Teach By Design
Behavior
Classroom
Sep 13, 2022

Creating Calm: 5 Ways to Prevent Big Behaviors

Keep your classroom calm by leveraging your existing school-wide systems and practices.

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Editor’s Note: There is a growing sentiment among those of us in education that student behavior is more escalated than it was prior to the pandemic. Recent surveys from The American Federation of Teachers and The National Education Association show teachers name student behavior and the lack of disciplinary response to it as some of the top problems facing their profession today. Research has ideas for how we can address the behaviors we see as well as prevent them from happening in the first place. This is the first in a two-part series focused on de-escalation as a strategy to restore some calm to everyone’s day.  

Team, the tomatoes in my garden are finally turning red. I thought it would be months of fried green tomatoes for us, but no! We get spaghetti sauce, salsa, and caprese salads.

When I was a kid, my dad grew tomatoes. He taught me how to snip the suckers and how you have to water them slowly down at the root to prevent things from growing on the leaves. When I was five, my best friend came over to my house and we played in the backyard. It seems, her mom had taught her about gardening, too. My friend had become an expert weeder and she was going to teach me everything she knew.

We went down to the raised beds where my dad tended his vegetable garden. She pointed to these small, green-leafed, spindly plants in one of the beds and quickly identified it as a weed to be pulled. There were so many of them in that bed. We made quick work of getting them all.

Do you see where this is going?

My dad came out and we showed him how helpful we’d been. He was angry. I immediately regretted every decision I’d ever made. I cried. I apologized. I cried some more. My friend, however, took a different approach. Her mom explained how we’d done the wrong thing and how she should apologize to my dad. My friend looked those grownups straight in the eyes and said, “I’m not sorry.” The conversation devolved from there.

  • My mom trying to explain it a different way.
  • My friend remaining adamant about not being sorry.
  • My dad raising his voice.
  • My friend raising hers.

It went back and forth until finally my friend’s mom apologized and immediately took her home. The sound of her 5-year-old cries filled the cul-de-sac as they made their exit.

While this is a story from my childhood, the way the situation escalated from an innocent mistake to a full tantrum with a swift exit is something we see playing out in classrooms more and more these days. It’s a process called the escalation cycle and there’s a whole book about how it plays out in your classrooms every day.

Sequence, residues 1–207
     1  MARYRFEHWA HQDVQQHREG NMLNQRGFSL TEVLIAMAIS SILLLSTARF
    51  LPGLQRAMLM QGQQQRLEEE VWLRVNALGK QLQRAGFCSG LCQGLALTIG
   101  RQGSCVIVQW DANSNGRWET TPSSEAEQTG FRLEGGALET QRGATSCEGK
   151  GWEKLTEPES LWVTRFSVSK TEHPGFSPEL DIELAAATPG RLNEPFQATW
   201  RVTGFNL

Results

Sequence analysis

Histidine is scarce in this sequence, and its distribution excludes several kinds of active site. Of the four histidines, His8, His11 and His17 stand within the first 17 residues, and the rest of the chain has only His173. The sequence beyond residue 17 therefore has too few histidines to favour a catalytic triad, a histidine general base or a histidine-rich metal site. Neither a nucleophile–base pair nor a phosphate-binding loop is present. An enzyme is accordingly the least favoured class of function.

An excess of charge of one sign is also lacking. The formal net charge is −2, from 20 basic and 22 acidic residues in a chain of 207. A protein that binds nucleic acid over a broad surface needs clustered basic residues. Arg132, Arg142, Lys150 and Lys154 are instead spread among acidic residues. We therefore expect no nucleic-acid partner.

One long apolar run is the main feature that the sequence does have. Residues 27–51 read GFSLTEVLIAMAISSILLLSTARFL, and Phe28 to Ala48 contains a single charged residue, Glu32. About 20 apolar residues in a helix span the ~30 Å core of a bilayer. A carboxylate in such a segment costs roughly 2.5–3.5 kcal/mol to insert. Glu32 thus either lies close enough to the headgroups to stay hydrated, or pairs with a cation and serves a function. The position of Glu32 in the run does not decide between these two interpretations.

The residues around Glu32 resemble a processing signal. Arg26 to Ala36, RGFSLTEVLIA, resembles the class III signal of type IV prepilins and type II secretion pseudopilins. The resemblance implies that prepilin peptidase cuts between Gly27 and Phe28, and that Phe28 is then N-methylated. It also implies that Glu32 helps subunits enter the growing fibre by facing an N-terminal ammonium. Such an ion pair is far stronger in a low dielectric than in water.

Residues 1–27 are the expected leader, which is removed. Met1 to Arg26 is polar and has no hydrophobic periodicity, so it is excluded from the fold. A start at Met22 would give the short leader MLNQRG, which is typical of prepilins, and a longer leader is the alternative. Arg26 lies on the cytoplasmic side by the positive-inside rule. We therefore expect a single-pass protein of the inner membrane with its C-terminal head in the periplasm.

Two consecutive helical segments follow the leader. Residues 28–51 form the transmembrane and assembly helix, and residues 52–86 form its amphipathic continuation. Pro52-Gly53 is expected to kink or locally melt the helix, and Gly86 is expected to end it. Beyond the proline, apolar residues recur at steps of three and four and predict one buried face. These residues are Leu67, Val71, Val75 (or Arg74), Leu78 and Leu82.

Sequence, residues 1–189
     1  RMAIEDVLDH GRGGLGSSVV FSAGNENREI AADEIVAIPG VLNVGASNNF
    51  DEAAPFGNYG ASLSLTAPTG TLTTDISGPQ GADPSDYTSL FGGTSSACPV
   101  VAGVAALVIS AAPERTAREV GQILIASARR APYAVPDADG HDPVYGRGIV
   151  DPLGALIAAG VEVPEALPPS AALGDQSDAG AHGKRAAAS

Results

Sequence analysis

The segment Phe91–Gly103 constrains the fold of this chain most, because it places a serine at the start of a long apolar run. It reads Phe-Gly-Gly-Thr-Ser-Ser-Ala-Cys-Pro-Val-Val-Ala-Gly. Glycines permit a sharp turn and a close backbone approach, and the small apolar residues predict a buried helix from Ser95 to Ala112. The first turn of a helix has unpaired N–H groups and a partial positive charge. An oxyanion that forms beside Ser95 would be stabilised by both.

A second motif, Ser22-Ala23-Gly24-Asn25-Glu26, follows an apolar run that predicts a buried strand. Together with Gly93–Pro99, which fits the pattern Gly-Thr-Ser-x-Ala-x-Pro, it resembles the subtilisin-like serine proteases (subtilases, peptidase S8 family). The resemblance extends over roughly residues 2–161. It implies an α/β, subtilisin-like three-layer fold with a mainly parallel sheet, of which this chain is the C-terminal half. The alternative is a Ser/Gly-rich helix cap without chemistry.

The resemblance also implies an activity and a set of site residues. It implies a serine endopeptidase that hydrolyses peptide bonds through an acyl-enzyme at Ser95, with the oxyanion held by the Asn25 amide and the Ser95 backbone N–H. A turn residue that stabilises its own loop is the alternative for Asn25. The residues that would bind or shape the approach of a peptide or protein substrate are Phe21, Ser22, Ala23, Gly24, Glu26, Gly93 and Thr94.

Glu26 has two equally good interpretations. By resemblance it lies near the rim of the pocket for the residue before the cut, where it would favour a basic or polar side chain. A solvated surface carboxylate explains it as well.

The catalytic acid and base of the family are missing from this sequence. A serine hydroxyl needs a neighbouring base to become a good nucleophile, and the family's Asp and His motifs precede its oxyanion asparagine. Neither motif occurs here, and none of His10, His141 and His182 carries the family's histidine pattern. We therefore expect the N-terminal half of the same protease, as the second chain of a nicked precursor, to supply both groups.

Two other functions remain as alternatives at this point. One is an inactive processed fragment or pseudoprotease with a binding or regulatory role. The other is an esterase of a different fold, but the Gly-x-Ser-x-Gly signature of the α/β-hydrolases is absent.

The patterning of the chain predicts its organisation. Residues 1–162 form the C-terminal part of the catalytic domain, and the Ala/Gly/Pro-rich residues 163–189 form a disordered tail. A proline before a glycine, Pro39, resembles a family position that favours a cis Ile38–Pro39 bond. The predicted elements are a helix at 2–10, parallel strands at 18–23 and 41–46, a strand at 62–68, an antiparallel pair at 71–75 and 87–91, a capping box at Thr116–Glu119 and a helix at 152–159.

Managing the Cycle of Acting-out Behavior in the Classroom describes the way behavior escalates through seven phases. 1 Graphically, the cycle looks like this 2 :

It’s rare for any of us to jump from a place of calm to full-blown meltdown in one singular step. There’s a ramp up. We move through a variety of feelings that build on each other until we reach a place where 5-year-olds need to be taken home and tomatoes need to be replanted. The behaviors you experience in your classroom are no different. Here are some brief descriptions of the phases along with what they might look like in your classrooms.

Description Example
Phase 1: Calm By all outward appearances, they’re doing fine. They’re cooperative, on task, and following the expectations established for the classroom. - Eye contact
- Highly engaged in activities
- Smiling
- Offering help
Phase 2: Trigger Something specific happens to set off the escalation cycle…and that something goes unresolved. It could also be there have been a series of events each compounding the effect of the one before. - Conflicts
- Name calling
- Changes in routine (substitute teacher or new transition)
- Facing errors during instruction
- Constant correction
Phase 3: Agitation In this phase, you’ll notice someone looks unfocused and distracted. When they’re agitated, they might describe their feelings as angry, upset, on-edge, frustrated, or anxious. All of these feelings come about because they cannot control or manage the triggers in the previous phase. - Looking all around with little focus or purpose
- Busy hands tapping pencil, drumming finders, rubbing thighs
- Little to no sustained attention to task or activities, moving from one thing to another
- Staring into space
- Pulling a hoodie over their eyes
Phase 4: Acceleration At this point, the behaviors are directed at adults which leads to negative interactions. The difference between this phase and the one before it is, when someone is agitated, their behaviors typically give the leave-me-alone vibe. In acceleration, behaviors become very directed and highly engaging…specifically toward any adult nearby. - Asking questions followed by arguing